ShareThis Page

Compass Inn concludes holiday candlelight tours

| Wednesday, Dec. 11, 2013, 9:03 p.m.
Cami DiBattista | for the Ligonier Echo
Members of the Ligonier Valley Historical Society, Glenda Dickson and Joan Ardisson, decorate the Compass Inn Museum for the holidays. Candlelight tours of the former stage coach stop are offered weekends in December.

This is the last weekend the Compass Inn Museum in Laughlintown will be aglow with the light of nearly 100 candles.

Tours of the former stagecoach stop are being offered to the public 3 to 7 p.m. Saturday and Sunday. Guides dressed in period costumes will share stories of holiday traditions and historic happenings with the public.

“The history of bringing pine and trees into houses is thought be derived from German and Scandinavian traditions,” said Roberta Smith, program coordinator for the inn.

“Decorating with pine in the winter was thought to bring luck and an early spring.”

Festively decorated for the winter holidays, the former stagecoach stop will feature the traditional decorations of the time such as pine, holly, thistles, berries and feathers.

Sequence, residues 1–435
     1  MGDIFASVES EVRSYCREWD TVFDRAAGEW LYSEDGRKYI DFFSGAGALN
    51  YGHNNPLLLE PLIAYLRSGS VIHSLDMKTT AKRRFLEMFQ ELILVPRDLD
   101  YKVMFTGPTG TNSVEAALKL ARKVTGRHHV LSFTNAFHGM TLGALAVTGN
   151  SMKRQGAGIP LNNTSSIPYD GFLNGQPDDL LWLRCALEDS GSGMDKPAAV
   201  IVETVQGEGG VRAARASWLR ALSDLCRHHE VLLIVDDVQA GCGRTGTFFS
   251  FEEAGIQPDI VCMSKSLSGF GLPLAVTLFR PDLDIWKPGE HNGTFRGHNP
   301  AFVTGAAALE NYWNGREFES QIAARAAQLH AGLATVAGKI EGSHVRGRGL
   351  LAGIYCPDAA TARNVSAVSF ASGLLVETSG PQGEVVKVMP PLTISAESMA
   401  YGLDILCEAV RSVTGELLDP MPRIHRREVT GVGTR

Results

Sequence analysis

“Decorating in the 19th century was minimal,” Smith said. “People were generally more concerned with preparations to survive the winter.”

Visitors learn about holiday celebrations such as the English tradition of burning a Yule log.

“Immigrants to the Americas brought many traditions with them,” said Smith.

Visitors tour the blacksmith shop and the cookhouse outside of the museum and enjoy cookies and hot mulled cider around a crackling fire in the inn's 1862 addition.

“I've learned so many fascinating things here — such as where certain sayings and terms came from,” said Glenda Dickson, Ligonier Valley Historical Society member. “It's really interesting. We have so much history right here in our own backyard.”

Cost for the tour is $9 for adults, $8 for senior citizens and $6 for children ages 6-17. Reservations can be made by calling 724-238-6818 or 724-238-4983. Walk-ins are welcome as space allows.

“There's a wealth of history in this area,” said volunteer and Ligonier Valley Historical Society member, Joan Ardisson. “We value tradition and we do what we can do preserve it.”

Cami DiBattista is a contributing writer for Trib Total Media.